Railroad (Robledo Mountain #4)
Copyright© 2020 by Kraken
I made my way back through the courtyard and into the house heading for the dining room, intent on having another cup of coffee. Before I could sit down, however, Mr. Greenburg saw me.
“Paul, if you have time this morning, and you’re feeling up to it, Rachael and I would like to talk with you for a little while regarding our discussions before you were hurt.”
A quick glance at Anna and with her small nod of approval, I replied, “Certainly, Sir. I’m at your disposal. How about we get a coffee service, and go in the den to talk?”
At my slow pace, I was the last to enter the den. Anna, carrying the coffee service, entered just before me and I followed her in closing and barring the door before sitting down, heavily, on the love seat. Anna fixed us both a cup and handed me mine.
“All right, Mr. Greenburg, it’s your dime, start talking,” I said with a grin.
“Oh, my,” he said, startled. “I haven’t heard that phrase in almost fifty years. That does bring back memories.”
Seeing the blank expression on his wife’s and Anna’s faces he explained the phrase to them. By the time he was done with his explanation, I’d finished my cup of coffee and was reaching for the pot to try and pour another cup from the service using just one hand. Seeing what I was trying to do, Anna reached over and slapped my hand away from the pot.
“Pablo, all you have to do is ask,” she said, clearly exasperated with me. “It’s impossible to pour from that service using just one hand and you know it.”
She proceeded to pour me another cup. When she was done, I looked her in the eyes and with sincerity said, “Anna, my love, having to suddenly ask for assistance with such a simple task takes some getting used to. You don’t know how many normally easy tasks, such as that one, there are in daily life until the ability to do them is taken away from you. I’ll try to remember to ask, but please remember I forget from time to time.”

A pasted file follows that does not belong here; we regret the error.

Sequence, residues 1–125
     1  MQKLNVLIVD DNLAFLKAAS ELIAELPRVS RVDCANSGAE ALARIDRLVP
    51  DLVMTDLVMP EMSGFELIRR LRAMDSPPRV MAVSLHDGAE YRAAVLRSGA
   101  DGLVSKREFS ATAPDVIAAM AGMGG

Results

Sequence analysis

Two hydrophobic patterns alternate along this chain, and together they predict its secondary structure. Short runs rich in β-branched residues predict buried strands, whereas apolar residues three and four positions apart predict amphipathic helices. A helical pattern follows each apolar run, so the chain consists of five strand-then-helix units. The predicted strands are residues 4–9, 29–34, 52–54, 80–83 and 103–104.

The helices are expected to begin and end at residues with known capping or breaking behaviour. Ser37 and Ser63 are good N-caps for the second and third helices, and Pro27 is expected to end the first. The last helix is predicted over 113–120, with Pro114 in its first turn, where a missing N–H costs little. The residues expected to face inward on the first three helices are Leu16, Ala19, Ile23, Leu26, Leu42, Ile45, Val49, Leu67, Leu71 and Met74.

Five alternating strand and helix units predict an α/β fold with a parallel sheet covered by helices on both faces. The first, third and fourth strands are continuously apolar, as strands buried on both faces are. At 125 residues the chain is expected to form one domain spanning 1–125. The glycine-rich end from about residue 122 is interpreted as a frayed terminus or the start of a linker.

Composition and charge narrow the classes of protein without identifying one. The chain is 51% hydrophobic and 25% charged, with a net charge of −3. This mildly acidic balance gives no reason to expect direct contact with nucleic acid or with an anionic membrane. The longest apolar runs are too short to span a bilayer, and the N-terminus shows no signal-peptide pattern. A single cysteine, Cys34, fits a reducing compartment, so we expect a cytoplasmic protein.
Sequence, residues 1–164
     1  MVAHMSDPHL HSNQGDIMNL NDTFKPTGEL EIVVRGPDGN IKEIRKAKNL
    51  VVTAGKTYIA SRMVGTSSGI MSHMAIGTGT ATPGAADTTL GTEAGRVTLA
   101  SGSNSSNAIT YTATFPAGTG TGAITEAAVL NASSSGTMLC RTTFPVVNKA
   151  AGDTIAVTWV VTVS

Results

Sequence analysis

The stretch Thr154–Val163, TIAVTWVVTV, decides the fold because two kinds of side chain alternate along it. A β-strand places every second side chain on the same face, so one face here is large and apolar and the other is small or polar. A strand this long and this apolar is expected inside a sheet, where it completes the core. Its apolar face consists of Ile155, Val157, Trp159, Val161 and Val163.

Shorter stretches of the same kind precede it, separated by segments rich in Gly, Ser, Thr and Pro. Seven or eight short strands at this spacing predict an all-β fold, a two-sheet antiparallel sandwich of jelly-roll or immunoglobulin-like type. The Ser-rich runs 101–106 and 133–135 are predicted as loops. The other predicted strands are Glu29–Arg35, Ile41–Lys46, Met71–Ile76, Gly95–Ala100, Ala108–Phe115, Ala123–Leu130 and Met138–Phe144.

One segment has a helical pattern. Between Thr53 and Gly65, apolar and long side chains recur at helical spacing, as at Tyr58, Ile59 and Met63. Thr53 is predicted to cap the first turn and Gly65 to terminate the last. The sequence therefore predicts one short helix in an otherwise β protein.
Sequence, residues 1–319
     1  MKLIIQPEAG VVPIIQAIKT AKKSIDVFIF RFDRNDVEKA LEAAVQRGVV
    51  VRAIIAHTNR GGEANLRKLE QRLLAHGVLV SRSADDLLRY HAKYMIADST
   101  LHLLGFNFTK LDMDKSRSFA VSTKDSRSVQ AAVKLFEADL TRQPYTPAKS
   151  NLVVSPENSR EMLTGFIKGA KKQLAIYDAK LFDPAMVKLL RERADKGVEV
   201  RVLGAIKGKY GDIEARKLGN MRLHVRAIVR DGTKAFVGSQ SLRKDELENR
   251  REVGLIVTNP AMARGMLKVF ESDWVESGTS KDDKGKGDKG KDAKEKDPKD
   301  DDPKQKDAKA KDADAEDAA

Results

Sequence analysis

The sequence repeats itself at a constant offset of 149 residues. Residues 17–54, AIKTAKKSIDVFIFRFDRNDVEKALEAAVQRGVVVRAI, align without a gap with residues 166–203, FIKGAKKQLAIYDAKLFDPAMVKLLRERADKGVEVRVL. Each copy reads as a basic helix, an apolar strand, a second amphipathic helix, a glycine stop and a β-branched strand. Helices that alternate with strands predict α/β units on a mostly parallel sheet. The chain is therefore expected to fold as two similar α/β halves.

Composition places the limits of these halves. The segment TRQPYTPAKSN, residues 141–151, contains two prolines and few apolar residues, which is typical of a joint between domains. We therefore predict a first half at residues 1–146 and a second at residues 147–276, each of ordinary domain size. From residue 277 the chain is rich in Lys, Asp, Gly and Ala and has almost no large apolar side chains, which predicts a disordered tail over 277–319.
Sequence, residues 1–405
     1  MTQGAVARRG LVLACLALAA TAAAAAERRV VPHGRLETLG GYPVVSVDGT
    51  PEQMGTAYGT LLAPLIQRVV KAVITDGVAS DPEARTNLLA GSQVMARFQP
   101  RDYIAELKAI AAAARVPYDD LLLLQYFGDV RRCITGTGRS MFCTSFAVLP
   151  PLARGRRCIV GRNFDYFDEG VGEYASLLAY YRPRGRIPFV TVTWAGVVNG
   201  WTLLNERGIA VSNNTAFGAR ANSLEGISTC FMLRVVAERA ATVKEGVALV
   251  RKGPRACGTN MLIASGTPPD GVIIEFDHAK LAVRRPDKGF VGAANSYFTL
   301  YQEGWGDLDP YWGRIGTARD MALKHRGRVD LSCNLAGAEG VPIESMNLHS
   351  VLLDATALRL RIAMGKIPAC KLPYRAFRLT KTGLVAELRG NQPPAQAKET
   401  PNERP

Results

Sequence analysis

The irritation quickly left her face to be replaced with concern and understanding. “I’ll try to remember that as well, mi Pablo.”
We continued to stare at each other, each lost in the other’s eyes until Mr. Greenburg quietly cleared his throat.
“We can do this another time, if it’s more convenient for you, it’s really not that important,” he said with a twinkle in his eye.
Breaking my gaze into Anna’s eyes, I leaned back into the loveseat with my coffee and turned to Mr. Greenburg. “Sir, we’re here now,” I said before grinning and adding, “Anna and I can continue our silent discussion later this morning or after lunch. Please ask your questions.”
“The question is simple, Paul, but I expect the answer will be more complicated. Rachael and I watched you yesterday with Mr. Henkle. You could have demanded a full partnership in exchange for the backing you offered him. Alternatively, you could have offered to buy his claim for much less than you did. Our question is, why? Why did you offer so much assistance for so little return?”
Out of the side of my eye, I saw Anna’s soft smile and shake of her head at his question. After staring at Mr. Greenburg for almost a full minute I sighed. “Anna, do you want to answer his question?”
Startled, Anna looked at me and then grinned. “I can try. You’ve given him the answer any number of times, but he still doesn’t seem to understand.” Turning to the Greenburgs, she thought for a moment before speaking. “Mr. Greenburg, as you may have noticed, Paul is a strong man, but he isn’t a strongman. He has no interest in building an empire.
“What he does have an interest in, is bettering the lives of the people of this valley and this state. All the people, not just some of them. He does this by identifying a discrete problem, determines a solution that appears to benefit him in some way that people will believe is in his best interest, then implements the solution in such a way that, while it does indeed benefit him a little, benefits the largest group of people possible.
“What you saw yesterday was as good an example as you’ll find. He long ago identified the problem with the dual wage structure prevalent in the mining business, but he hadn’t come up with a way to change it without violence, at least until now.
“As you heard, we go through a lot of iron, which is difficult to get here. Paul’s solution to getting the iron we need was to back a local mine with a proven vein of rich ore. None of us on the Estancia have any interest in owning a mine, but by backing Mr. Henkle we accomplish three goals almost immediately.
“First, we get the iron we need. That’s the public reason everyone will hear about and understand.
“Second, we help Mr. Henkle fulfill one of his dreams, and in the process, make a friend and help someone else in the valley prosper, plus we’re helping more people in the state to prosper. The more prosperous people there are, in both the valley and the state, the better off we’ll all be.